While developed countries are angst-ridden over mostly illegal immigration by unskilled workers from developing countries, a different set of concerns has surfaced in Africa, in particular, over the legal outflow of skilled — and even more importantly — highly skilled people to developed countries. This outflow is supposedly a new and damaging “brain drain,” with rich countries actively luring away needed skills from poor countries.
This fear is misplaced. At the outset, we have to distinguish between “need” and “demand.” Yes, many African countries need skills. However, they are unable to absorb them, owing to several factors associated with economic backwardness.
In India in the 1950s and 1960s — a time when many professionals were emigrating — working conditions were deplorable. Bureaucrats decided whether we could go abroad for conferences. Heads of departments carried inordinate power. So, no surprise, many of us left. We Hindus may believe in an infinity of lifetimes, but we maximize our welfare in this one, just like everyone else.
Besides, simply holding people back, even if feasible, would do little for their countries. The “brain” is not a static concept. Trapped in Kinshasa, the Democratic Republic of the Congo, under appalling conditions, the brain will drain away in less time than it takes to get to New York.
Moreover, keeping people at home is easier said than done. In many poor countries, except those like India and South Korea, which have now developed superb educational institutions, the brightest citizens receive their education abroad. The challenge, then, is to prevent them from staying there and settling down.
In any event, emigration restrictions today would violate a human right enshrined in current international treaties. However, would immigration restrictions work instead, as proposed by some developed-country organizations that worry about the “brain drain”?
Here, human-rights concerns pose serious difficulties. Could we really say to a Ghanaian doctor that she must return to her country, while an immigrant Russian doctor is allowed to settle down and start a new life? This is likely to run afoul of anti-discrimination principles and constitutional provisions in countries like the US.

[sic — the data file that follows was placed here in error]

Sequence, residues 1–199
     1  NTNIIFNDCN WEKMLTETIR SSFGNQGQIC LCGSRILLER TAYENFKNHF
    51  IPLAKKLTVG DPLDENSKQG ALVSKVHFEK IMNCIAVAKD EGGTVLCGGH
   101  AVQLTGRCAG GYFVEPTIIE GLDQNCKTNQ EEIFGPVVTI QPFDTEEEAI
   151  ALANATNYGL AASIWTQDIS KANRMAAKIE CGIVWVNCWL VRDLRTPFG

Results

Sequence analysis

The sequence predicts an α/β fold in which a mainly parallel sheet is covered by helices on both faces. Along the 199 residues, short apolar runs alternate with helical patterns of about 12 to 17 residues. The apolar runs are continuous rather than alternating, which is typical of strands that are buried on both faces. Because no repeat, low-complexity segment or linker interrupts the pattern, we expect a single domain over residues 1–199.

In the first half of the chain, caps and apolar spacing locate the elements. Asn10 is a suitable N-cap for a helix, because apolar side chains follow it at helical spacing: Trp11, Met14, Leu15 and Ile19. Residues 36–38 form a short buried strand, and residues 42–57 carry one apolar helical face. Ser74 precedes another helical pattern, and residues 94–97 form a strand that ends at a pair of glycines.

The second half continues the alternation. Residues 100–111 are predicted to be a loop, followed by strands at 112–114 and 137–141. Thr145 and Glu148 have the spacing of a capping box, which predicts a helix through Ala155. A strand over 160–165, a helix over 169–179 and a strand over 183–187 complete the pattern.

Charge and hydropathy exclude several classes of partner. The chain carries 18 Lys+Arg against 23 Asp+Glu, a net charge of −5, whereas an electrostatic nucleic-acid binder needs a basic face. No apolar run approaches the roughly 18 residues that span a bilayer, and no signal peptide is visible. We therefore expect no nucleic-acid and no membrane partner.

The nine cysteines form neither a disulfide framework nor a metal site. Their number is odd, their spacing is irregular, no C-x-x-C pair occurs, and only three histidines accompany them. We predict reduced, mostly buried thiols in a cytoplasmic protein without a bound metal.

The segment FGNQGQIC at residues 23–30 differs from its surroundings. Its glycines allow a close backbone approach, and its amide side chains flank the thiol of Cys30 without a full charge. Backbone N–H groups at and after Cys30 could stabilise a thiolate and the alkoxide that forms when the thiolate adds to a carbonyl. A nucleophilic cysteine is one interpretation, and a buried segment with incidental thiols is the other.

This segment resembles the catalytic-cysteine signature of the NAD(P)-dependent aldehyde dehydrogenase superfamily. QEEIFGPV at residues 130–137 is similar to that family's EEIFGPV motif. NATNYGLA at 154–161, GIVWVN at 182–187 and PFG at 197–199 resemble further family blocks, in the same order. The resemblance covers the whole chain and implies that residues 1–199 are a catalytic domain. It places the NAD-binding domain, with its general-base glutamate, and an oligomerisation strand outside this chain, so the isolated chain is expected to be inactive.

The proper response to the outflow of skilled manpower from poor countries, especially those in Africa, is to be found in a different direction. Given that outflows of skilled workers cannot be restricted — and, indeed, should not be — we must devise institutional mechanisms to work with it. This means adopting a “diaspora” model, which implies four policy proposals.
First, stop crying over the fact that the diaspora is not returning home. Instead, nurture the loyalty of professionals settling abroad, so that they assist their home countries in a variety of ways. Thus, they may be offered voting rights. Restrictions on investment and land purchases can be dropped. Immigration experts like me have proposed since the 1970s that schemes be developed to enable the academic diaspora to run workshops aimed at bringing teachers up to the best international standards.
Second, while the diaspora should be integrated through more rights, its members also ought to accept obligations that put them on an equal footing with those who remain behind. I suggested in the 1970s that a tax be levied on citizens abroad. Known as the “Bhagwati tax,” it is of course “the American way”: US citizens and permanent residents abroad, like those at home, must pay US federal taxes.